Zero percent financing can be considered nothing more than a very clever marketing scheme that is so misleading it borders on an outright lie.
Here are some hard facts about zero percent financing that they don't mention in the advertisements:
Less than a ten percent of all consumers qualify for zero percent financing. Your credit rating has to be gold-plated750 or aboveand you need a certain amount of income to qualify. Out of those who do attempt to pay back a zero percent financing loan, only about 10 percent close the deal successfully.
Substantially shorter loan periods and zero percent financing come hand in hand, usually no more than 24 to 36 months, sometimes even less. Even with no interest, this means high monthly payments that are simply not feasible for most consumers.
Should you fail to make a payment, there will be a clause in the contract that states you must pay an additional amount as if an interest rate had existed in the beginning. Missing a single payment changes the terms of the contract, and the zero percent financing deal is off. You are now stuck with a very high interest rate, and a number of penalty fees will probably be tacked on as well.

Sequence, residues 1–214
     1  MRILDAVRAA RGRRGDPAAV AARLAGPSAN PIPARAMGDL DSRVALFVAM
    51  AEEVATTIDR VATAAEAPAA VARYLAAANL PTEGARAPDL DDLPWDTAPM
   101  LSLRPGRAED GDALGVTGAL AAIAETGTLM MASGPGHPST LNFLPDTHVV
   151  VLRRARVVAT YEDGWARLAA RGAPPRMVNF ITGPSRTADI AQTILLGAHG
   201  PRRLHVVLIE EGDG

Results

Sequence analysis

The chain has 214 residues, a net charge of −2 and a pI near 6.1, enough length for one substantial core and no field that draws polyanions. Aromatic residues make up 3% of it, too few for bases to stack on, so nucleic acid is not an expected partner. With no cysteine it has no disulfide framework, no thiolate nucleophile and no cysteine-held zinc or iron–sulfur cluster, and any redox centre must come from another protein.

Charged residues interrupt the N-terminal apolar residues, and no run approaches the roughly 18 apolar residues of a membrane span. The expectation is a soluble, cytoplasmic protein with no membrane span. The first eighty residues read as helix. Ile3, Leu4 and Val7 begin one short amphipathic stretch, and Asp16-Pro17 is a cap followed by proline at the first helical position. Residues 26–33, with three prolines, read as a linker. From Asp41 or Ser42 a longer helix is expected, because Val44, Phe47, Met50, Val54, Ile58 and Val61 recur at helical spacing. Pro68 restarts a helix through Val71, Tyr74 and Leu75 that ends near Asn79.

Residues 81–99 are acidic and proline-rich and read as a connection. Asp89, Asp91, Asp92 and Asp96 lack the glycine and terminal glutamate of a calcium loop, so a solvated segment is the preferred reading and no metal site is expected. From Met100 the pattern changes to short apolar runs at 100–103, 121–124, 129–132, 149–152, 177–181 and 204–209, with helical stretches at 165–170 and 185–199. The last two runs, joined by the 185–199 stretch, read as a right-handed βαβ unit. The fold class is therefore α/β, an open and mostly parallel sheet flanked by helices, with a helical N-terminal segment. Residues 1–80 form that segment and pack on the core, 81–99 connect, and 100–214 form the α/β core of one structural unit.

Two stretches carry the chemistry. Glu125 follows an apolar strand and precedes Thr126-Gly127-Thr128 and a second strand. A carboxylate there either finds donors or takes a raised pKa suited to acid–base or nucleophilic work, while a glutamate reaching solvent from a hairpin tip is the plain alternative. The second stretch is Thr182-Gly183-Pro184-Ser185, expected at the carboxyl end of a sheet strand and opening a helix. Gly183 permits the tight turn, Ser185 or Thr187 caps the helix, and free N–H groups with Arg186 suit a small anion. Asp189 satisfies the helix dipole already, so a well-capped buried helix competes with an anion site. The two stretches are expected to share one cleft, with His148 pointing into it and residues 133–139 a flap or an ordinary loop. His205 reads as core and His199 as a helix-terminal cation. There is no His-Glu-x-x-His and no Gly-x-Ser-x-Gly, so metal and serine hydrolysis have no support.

Zero percent financing is offered on a slimmer selection.
Zero percent financing or a rebate? The customer will have to choose one; they don't get both. Rebates are often the better deal. Don't be lured away just because it sounds good. Do the math first.
Qualifying for zero percent financing does not mean you get a better deal, even if you manage to make all your payments. The dealers make up for the lost financing charges by raising the price on the car. This happens pretty frequently because customers often lose their heads to giddiness. The financing component of a car transaction is only one of three. If you do happen to be one of those who qualify for zero percent financing, remember to negotiate hard on the price of the car.
All in all, zero percent financing are scams that can be beaten. It is even clearly spelled out how to beat it. The only hitch being that the dealers de-emphasize how unlikely it is that a consumer will be able to pay it off.